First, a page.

Trails West


Smoky Hill Trail
The Smoky Hill Trail was the most direct route to Denver and the goldfields of the central Rockies. Immigrants heading west through central Kansas followed the Kansas River, then headed up its Smoky Hill River branch into the high plains of eastern Colorado. Here, the Smoky Hill River ended. Immigrants then turned northwest to Denver over the high, dry rolling prairie country. It was a tough stretch. A Denver newspaper called those who dared it "foolhardy and insane." With full-scale Indian-white wars of the mid-1860s, the trail was extremely dangerous. Still, the Butterfield Overland Stage served the route, and later the Kansas Pacific Railroad built along the trail's ruts.

Cheyenne Wells Stage Stop
Bayard Taylor, a famed adventurer and writer, traveled by stagecoach on the Smoky Hill Trail in the summer of 1866. This is his report of conditions at the Butterfield stage stop at Cheyenne Wells, Colorado: "We found a large and handsome frame stable for the mules, but no dwelling. The people lived in a natural cave, extending for some thirty feet under the bluff. But there was a woman, and when we saw her we augured good fortunes. Truly enough, under the roof of conglomerate limestone, in the cave's dim twilight, we sat down to antelope steak, tomatoes, bread, pickles, and potatoes--a royal meal, after two days of detestable fare."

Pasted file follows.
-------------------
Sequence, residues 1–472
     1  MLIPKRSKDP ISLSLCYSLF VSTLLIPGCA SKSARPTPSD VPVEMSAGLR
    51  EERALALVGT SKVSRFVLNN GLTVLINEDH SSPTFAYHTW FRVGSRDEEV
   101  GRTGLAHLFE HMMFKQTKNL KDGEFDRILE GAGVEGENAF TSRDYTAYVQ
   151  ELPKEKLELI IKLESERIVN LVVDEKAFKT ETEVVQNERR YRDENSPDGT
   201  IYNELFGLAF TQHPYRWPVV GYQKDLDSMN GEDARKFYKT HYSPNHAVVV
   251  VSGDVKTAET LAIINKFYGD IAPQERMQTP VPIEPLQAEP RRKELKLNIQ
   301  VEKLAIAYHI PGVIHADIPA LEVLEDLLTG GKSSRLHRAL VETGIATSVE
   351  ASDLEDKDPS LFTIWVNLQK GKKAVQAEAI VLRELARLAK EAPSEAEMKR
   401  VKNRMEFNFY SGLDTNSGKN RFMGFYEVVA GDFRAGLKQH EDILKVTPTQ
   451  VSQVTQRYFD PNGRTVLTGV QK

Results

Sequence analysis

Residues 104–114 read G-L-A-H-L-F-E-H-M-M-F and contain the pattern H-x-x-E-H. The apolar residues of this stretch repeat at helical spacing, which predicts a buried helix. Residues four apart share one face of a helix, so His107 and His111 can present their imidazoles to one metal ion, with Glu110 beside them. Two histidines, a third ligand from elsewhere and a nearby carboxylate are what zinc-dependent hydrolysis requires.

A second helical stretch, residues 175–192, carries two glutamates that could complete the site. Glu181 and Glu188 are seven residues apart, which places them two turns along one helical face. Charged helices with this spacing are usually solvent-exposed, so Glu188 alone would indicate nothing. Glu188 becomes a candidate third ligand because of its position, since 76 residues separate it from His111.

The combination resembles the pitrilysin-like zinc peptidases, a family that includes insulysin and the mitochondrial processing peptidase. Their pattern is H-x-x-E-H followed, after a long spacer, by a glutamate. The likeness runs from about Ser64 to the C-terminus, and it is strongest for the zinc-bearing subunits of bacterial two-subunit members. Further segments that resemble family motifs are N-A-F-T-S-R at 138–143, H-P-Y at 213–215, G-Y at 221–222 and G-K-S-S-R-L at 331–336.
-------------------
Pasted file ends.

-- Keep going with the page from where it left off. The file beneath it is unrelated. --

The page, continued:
On U.S. 40, near Cheyenne Wells, (On the left when traveling east)
Colorado Historical Society.(Marker Number 207.)
Official (Historical Marker Database)
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